When I was in graduate school, one of my areas of interest was homesickness. I was often surprised at the lack of journal articles and research in this area of psychology. Humans often suffer from homesickness, and it is on a continuum; from mild to severe.
I, as a Christian on this earth, suffer from another type of homesickness as well. This homesickness isn’t because I’ve dwelt in a physical location for a long period of time, storing memories there, interacting with loved ones. No, this homesickness is different because I’m homesick for a place I’ve not been to yet…and I know for a fact that I am not alone in this homesickness.
Michelle Tumes, in her wonderful song Untame Lion, sings: “I’m filled with longing for a place; A place I’ve never seen…” Does this homesickness have scriptural basis? Certainly.
Hebrews 11:13 These all died in faith, not having received the promises, but having seen them afar off, and were persuaded of them, and embraced them, and confessed that they were strangers and pilgrims on the earth. 14 For they that say such things declare plainly that they seek a country. 15 And truly, if they had been mindful of that country from whence they came out, they might have had opportunity to have returned. 16 But now they desire a better country, that is, an heavenly: wherefore God is not ashamed to be called their God: for he hath prepared for them a city.
We know that Christ is preparing a place for us, and will someday come and get us (hopefully soon). If we arrive via death or rapture it makes no difference. This is why we are instructed to store up “possessions” in heaven, and let our hearts be there as well. This earth isn’t our home.
Are we to function in the world, doing God’s will? Absolutely. We were also originally meant to be caretakers, in some form, of His creation; so us longing for our heavenly home does mean we should destroy this one. But, it does mean we should have the idea of our heavenly home in our minds, and remember it. We do not belong here.
We are to be about God’s business in our lives, which will be different from believer to believer. We are to see to our earthly responsibilities; but always remember, this is only the beginning. For those of us who place our trust in Christ, there is a far far better world that awaits. Be of good courage! No matter what befalls us here, and things can get really hairy really fast, but no matter what; better times are coming.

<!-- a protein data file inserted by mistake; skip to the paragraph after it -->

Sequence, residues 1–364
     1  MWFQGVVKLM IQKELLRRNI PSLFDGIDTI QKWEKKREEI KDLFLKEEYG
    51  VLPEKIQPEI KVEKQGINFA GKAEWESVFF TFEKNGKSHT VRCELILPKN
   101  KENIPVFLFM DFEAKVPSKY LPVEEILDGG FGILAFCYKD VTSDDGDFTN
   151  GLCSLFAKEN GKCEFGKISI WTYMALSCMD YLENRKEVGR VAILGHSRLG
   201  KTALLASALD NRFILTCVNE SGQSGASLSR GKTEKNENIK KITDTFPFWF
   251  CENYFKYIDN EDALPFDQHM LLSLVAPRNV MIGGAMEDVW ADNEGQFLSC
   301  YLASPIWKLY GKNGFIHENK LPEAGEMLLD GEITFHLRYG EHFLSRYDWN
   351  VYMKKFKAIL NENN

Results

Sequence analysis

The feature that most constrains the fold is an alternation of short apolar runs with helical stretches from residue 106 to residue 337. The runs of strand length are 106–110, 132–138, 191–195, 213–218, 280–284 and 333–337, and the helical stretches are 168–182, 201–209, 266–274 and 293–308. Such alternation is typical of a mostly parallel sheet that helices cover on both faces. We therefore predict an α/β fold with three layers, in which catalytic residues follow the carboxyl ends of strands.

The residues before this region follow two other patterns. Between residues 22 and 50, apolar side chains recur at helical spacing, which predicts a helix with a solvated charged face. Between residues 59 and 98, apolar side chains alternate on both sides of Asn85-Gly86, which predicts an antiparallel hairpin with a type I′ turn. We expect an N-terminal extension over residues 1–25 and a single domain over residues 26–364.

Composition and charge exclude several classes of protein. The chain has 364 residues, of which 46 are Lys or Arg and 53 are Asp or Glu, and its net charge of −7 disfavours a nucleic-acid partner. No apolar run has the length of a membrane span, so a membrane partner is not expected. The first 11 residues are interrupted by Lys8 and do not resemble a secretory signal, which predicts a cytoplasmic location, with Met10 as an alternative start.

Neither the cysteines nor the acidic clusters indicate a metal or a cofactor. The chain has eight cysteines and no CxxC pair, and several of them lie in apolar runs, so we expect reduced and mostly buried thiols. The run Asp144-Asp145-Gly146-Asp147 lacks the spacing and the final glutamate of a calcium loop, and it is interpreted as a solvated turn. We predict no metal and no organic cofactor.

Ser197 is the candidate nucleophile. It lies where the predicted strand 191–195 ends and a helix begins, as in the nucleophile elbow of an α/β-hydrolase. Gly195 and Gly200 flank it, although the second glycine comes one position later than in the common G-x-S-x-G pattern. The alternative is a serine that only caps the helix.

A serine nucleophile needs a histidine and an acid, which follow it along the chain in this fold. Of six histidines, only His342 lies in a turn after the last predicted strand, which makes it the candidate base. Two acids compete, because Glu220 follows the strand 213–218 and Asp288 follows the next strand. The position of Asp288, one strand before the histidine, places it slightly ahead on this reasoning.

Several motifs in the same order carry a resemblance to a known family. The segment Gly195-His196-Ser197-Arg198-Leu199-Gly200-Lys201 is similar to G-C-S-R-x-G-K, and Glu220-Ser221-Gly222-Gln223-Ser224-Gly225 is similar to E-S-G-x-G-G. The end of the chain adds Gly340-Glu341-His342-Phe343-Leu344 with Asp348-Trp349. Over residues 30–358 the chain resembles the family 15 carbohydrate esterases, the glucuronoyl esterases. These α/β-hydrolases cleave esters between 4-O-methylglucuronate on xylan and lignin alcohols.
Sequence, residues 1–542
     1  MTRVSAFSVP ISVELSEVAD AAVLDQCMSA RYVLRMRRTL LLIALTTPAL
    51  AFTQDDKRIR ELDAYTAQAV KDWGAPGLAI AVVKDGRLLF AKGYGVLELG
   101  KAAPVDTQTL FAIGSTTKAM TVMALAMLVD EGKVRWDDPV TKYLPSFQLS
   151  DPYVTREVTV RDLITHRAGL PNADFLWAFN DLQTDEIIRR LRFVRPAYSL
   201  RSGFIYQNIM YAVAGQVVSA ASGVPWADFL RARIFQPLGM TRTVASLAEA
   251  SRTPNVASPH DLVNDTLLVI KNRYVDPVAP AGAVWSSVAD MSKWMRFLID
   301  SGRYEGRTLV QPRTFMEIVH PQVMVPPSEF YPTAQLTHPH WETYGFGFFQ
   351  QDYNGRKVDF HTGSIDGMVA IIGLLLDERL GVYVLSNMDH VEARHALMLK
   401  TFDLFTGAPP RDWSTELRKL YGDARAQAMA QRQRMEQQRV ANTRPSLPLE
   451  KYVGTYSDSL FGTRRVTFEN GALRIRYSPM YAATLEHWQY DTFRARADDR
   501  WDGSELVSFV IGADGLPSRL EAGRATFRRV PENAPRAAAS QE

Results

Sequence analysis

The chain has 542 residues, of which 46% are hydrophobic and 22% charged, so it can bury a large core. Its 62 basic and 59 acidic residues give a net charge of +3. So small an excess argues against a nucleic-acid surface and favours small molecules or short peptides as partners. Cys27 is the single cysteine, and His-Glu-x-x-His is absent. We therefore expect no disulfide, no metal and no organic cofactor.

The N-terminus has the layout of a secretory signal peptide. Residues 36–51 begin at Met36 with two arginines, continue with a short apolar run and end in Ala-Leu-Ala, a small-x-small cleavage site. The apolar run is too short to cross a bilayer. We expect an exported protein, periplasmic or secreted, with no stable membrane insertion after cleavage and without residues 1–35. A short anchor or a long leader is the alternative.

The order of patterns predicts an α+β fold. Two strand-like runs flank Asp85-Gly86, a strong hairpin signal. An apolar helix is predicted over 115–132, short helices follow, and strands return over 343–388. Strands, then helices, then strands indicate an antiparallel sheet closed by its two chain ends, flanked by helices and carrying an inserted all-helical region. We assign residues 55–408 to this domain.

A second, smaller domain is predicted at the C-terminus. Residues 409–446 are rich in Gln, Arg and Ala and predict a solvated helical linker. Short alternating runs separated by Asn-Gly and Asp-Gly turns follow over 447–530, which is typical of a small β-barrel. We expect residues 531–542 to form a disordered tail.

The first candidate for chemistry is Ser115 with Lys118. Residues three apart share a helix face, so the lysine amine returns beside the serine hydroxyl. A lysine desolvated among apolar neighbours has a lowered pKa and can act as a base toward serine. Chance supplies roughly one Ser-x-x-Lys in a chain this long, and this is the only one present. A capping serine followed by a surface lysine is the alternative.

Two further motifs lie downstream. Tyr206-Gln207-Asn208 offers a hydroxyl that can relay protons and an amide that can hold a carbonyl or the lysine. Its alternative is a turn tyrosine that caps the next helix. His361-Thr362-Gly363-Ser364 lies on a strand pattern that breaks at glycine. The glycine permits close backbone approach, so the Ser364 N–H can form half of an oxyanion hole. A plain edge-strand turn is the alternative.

If anyone reading this has yet to read the Chronicles of Narnia, by CS Lewis, you really should. Here is a quote from The Last Battle; the analogy is how I believe we will feel about this “old” earth and our old dwelling place, when we finally get to behold our new home:
The difference between the old Narnia and the new Narnia was like that. The new one was a deeper country: every rock and flower and blade of grass looked as if it meant more. I can’t describe it any better than that: if ever you get there you will know what I mean.
It was the Unicorn who summed up what everyone was feeling. He stamped his right fore-hoof on the ground and neighed, and then he cried: “I have come home at last! This is my real country! I belong here. This is the land I have been looking for all my life, though I never knew it till now. The reason why we loved the old Narnia is that is sometimes looked a little like this. Bree-hee-hee! Come further up, come further in!”
And, for an extra; Here is Michelle Tume’s Untame Lion used in a YouTube vid featuring clips from Narnia (and yes, if anyone is wondering, she was inspired to write the song based on Aslan, who of course is a picture of Jesus). This vid was put together by scipio28cato34.